“We looked at studies in Canada, New Zealand and Australia that look at the social emotional causation. We have found that studies in other places showed that cultural disconnection was a major cause of suicide especially amongst Aboriginal youth,” Dr Sheehan explained. “So you look at Aboriginal kids who are separated from their culture, who are called Aboriginal, treated as Aboriginals but have no understanding of what being Aboriginal is — it’s an incredible conflict to carry and there is no real cultural education happening.

“The knowledge of Aboriginal culture is very significant for Aboriginal communities as they take away the doubt and they bring a positive cultural perspective to people who have been deprived of that cultural perspective. “Identity and selfhood are important for emotional well-being. Australia has historically denied these basic human needs to Aboriginal people.

“Aboriginal people were deprived of a true understanding of self because their biological make-up was seen as an impediment something that had to be erased. That’s a crime against humanity. But Aboriginal people have had to live with that legacy and develop a concept of self in a zone like that, so understanding what culture is in that context is almost impossible.”

Dr Sheehan sees suicide as the direct result of colonialism: “Colonialism is a set of ideas that still exists today in various forms, definitely as an ideology. Colonialism deprives the colonised of positive self-images and for me, that’s a crucial part of the Aboriginal experience.

“I am a believer in narrative therapies and narrative counselling … with the stuff I do with the images, is it opens up spaces for the narrative and the sharing of stories and everybody who’s a being, who’s an identity, has a got a personal story. What deprives Aboriginal people is that crucial elements to that personal story. Then if you were to feel a little bit alone and a little bit lost and a little bit traumatised, the thing you go to in your life is those personal stories.

“Now if you don’t have one or the one you have is conflicted, then you’re at the end of the rope. Potentially there is no safety net if you don’t have that sort of emotional structuring in your life.”

Dr Sheehan says colonial ideology is still rife in Australian culture today.  But forming and shaping a cultural identity for Aborigines may provide them with support and backing against future damage. “So what we do is we prepare our communities for future devastations so we are not talking about a cure, because perpetration is continuing,” he said.

Dr Sheehan also says suicidal thoughts stem from feelings of isolation in a racist climate and cultural denigration: “If you are discriminated against based on race, that has an incredibly alienating impact on people. It’s a very strong stressor in people’s lives. Some people say suicide is in some way a protest or a political action, and I don’t agree with that. Those sorts of statements come from people who haven’t experienced the personal desolation that comes with being treated differently, that comes with things about yourself you can’t change.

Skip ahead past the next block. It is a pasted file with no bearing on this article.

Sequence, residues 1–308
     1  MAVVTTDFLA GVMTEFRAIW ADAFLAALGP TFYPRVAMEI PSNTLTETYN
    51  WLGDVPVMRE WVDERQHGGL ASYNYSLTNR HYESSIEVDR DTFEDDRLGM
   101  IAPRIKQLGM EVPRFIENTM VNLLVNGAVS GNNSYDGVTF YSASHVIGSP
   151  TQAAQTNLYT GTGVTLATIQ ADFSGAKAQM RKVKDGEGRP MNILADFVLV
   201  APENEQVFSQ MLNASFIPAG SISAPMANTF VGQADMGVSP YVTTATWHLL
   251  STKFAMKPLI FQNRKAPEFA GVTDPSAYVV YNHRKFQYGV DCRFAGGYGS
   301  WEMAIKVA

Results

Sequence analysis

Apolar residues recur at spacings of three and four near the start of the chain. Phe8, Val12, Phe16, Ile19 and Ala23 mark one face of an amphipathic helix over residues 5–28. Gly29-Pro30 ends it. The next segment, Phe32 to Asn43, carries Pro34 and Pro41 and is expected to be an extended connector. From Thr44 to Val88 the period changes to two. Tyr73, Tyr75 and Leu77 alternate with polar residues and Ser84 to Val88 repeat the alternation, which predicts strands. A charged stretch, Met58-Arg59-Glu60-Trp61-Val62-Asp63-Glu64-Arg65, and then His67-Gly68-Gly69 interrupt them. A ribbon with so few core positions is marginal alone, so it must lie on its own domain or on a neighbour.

“You’ll find obese kids who are bullied at school have a high rate of self-harm and suicide because they are treated in a particular way because of things about themselves they can’t change, and it’s the same for Aboriginal people and people of colour around the world. They are treated in a particular way because of something that has no bearing on their morality, intelligence or anything else. They can just be used to discriminate against them.

“That sort of power does cause people to harm; experiencing that power is a devastating personal experience. Particularly when there is no power to respond.”

Professor Martin Graham, from the University of Queensland, is a psychiatrist who has studied suicide extensively for more than 20 years and is perhaps the nation’s top expert on suicide. He believes dominant Western medical views are “overly simplistic” and insufficient in explaining suicide, Aboriginal or otherwise. Like professor Tatz, he has many theories around why Aborigines suicide, but no clear answers.

“I suppose you could put forward a number of reasons — the classic sort of white Australian understanding would be that these are depressed individuals that have suffered some kind of loss and can’t get help for that and/or they are abusing medications or drugs. But I think what my understanding is — there is a deep sadness among Aboriginal peoples and that that translates to a sense of anomie perhaps. A kind of deep sense of sadness and boredom and dispiritedness relating to loss of land, loss of culture, loss of languages in some cases and a sense that none of it can be changed.

“So despite all of the government money going in, despite all of assistance that has been offered, despite a whole range of programs like the Life Promotion Program, for instance, this sense of deep despair remains and Norm [Sheehan] would track it back and say it’s probably related to a sense of distress at the genocide that was perpetuated by white Australians from 1788.

“That kind of makes sense to me but it kind of doesn’t make sense to me because if you believe another group is trying to kill you off surely what you do is fight that and try to stay alive and live longer than the bastards?”

Like his co-researcher Dr Sheehan, professor Martin, too, stresses the importance of culture. He also believes in the improvement of relationships within Aboriginal communities: “What actually works is helping the community to revive itself and improve connectedness between family clan groupings.”

Professor Martin disagrees with Stuart’s view that traditional Aborigines, and in turn the culture, will necessarily die out. He looks at other colonised cultures for evidence. “If you go to people in Canada to talk about Inuit suicide, they believe they have some very profound ways of turning cultures around, turning communities around and reducing the suicide rate,” he said.

Professor Martin refers to the research by Canadians Dr Michael Chandler and Dr Chris Lalonde on Inuit people: “Essentially Michael Chandler believes that there are a range of aspects of community that need to be corrected to ensure that a community runs itself drawing on its own strength and culture. He said if you put all of those things into place then that reduces suicide and he has very strong evidence for that.

“There were a number of changes in the Inuit community but it was about taking over community life and running it. You know dealing with issues around the status of women, ensuring that children were brought up in a culturally appropriate way. That’s nothing to do with clinical depression or anti-depressants. It’s about recovering if you like or regaining cultural knowledge or experience and direction and I think that is actually what it is about.

“In Australia I don’t think we are yet doing it.”

*Tomorrow in this four-part series on Aboriginal suicide rates: the case study of Port August in South Australia. Kate Horowitz presented this work as part of masters assessment.

**For help or information visit beyondblue.org.au, call Lifeline on 131 114 or visit this page for a detailed list of support services

Peter Fray